URI’s Zeta Beta Tau Fraternity breaks ground today for new chapter house
Dave Lavallee, 401-874-5862First fraternity construction on Kingston Campus in 25 years
KINGSTON, R.I. -- March 24, 2005 -- Zeta Beta Tau, a fraternity at the University of Rhode Island respected for its strong commitment to campus and community service and academic performance, broke ground today for a new chapter house.
Active brothers, alumni and University officials participated in brief ceremonies to mark the first new construction of a fraternity house on the Kingston Campus since 1980.
The 10,000-square-foot, 2-story house will be built at 8 Fraternity Circle, the site of the fraternity’s former house, which was destroyed by fire in 1994. The design was taken from drawings of the original house. The $2.2 million dormitory-style structure is scheduled to open by September 2005.
The new fraternity will house 47 brothers, with a central entrance tying two separate wings together. The common area will have two connected rooms with a series of sliding doors and access to a courtyard. There will be a kitchen, but there are no immediate plans for a food service. The chapter house will be fully wired for internet access.
The Providence-based architectural firm of Lerner/Ladds & Bartels, Inc. designed the structure and Shawmut Design and Construction of Providence is building the fraternity house. Shawmut Vice President Brian Stys is a graduate of URI and an alumnus of the local ZBT chapter.
Leo Robinson, a 1996 psychology graduate of URI and president of the ZBT alumni corporation that is responsible for the construction project, said he has seen a number of groups try to re-establish the fraternity since the 1994 fire.
“I have watched this current group of undergraduate brothers since the beginning and they are a special group with a good sense of values,” said Robinson, who has been alumni president for five years.
Because of the outstanding record of the current group, “we decided to do whatever we could to help them out. We would not have done it without this kind of a group because the risks are high. These students are really the future of what the fraternity system can be.”
Tom Dougan, URI vice president of Student Affairs, who oversees the URI fraternity system, said “Zeta Beta Tau fraternity has a long history and tradition at the University. These undergraduates are a reflection of the values under which fraternities were founded--leadership, scholarship, and service to others.”
Saul Fern, who was adviser to the forerunner of ZBT at URI in the 1960s and former national president of ZBT, said the time was right to build a new house.
“We wanted young people who accepted our national philosophy that prohibits hazing and pledging,” said Fern, who serves as a non-voting life member of the ZBT Supreme Council. “To make this kind of investment, you have to have faith in the young guys who are going in, and we do.”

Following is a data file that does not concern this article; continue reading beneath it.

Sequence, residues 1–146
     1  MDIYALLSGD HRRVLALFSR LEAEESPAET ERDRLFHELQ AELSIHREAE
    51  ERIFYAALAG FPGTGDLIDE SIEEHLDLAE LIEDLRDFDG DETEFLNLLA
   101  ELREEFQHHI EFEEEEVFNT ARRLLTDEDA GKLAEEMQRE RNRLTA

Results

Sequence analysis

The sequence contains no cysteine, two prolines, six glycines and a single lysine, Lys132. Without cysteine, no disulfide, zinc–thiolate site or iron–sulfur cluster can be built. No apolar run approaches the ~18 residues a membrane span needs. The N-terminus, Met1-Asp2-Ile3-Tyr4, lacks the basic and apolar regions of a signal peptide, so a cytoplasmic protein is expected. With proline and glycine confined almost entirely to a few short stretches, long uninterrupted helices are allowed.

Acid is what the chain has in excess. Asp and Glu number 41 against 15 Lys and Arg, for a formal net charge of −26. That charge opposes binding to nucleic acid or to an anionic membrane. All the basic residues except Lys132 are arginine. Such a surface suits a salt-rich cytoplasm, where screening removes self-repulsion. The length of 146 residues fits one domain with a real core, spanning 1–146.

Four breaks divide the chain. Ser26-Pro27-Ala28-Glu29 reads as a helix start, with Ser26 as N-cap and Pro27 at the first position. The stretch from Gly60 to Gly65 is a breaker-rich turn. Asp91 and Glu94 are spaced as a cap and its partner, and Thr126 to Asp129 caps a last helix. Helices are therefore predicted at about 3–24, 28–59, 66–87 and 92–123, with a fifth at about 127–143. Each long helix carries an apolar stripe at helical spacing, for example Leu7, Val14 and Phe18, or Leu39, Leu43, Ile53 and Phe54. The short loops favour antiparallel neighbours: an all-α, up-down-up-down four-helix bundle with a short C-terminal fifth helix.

In the last five years, the brothers of Rho Iota chapter at URI have become known for their campus leadership and community service.
The local chapter brought home four awards from last summer’s national convention in Indianapolis, Ind., including the prestigious Brummer Cup, the award given to the top ZBT chapter in the nation.
Reorganized in 2000 as a colony at URI, it focuses on philanthropy and community service. One of URI’s strongest fraternities in terms of academic performance, ZBT has received multiple awards from the URI Interfraternity Council for its scholastic and service excellence.
Among its numerous activities, ZBT has participated in the URI Adopt-a-Walkway program by cleaning and maintaining the Dieter Hammerschlag Mall, the walkway between the library and the Multicultural Center, and is continuing a campus beautification project during which 10 to 15 brothers devote every Saturday afternoon to cleaning one area of the campus per month. The brothers helped Meeting Street, the special needs facility in East Providence, prepare for a telethon. The fraternity has also been involved in a mentoring program for students in the North Kingstown school district.
“You see and hear nothing but nice stories about the brothers,” Fern said. “They have taken our philosophy to heart and they are passionate about it.”
Scott Mintz, a 1990 URI graduate who served as chapter president as an undergraduate, said he’s been receiving email notes from ZBT alumni about the project. “They are overjoyed about the house,” said Mintz, currently the vice president of the ZBT alumni corporation. “The alumni are really psyched because the project is bringing back all of those great memories.”
Mintz said he can’t imagine being in a fraternity without a house, but he said the alumni board has been nothing but impressed with the record of the current brothers.
“As the process continued, the alumni corporation made a decision to involve the undergraduates in the design of the new building.
Dan Riley, the current chapter president and an accounting major from Tiverton said there are now 75 brothers in the fraternity, most of whom live in campus residence halls. For the past five years, the group has met each Monday in the Memorial Union for its chapter meetings.
A member of the Student Alumni Association who organized a past Midnight Madness celebration and who is running the Oozeball fund-raiser this spring, Riley said once the house is open the focus won’t change.
“We are not going to lose sight of our values, and the qualities we look for in our members,” the junior said.
He said he and other members of the fraternity are emphasizing the need to respect the amount of hard work that has gone into the new facility and the need for respect when they move in.
“I know I am going to be cleaning the house, keeping the scuff marks off the wall. We respect the work that has gone into this and we want to leave a great house for young brothers who follow us.”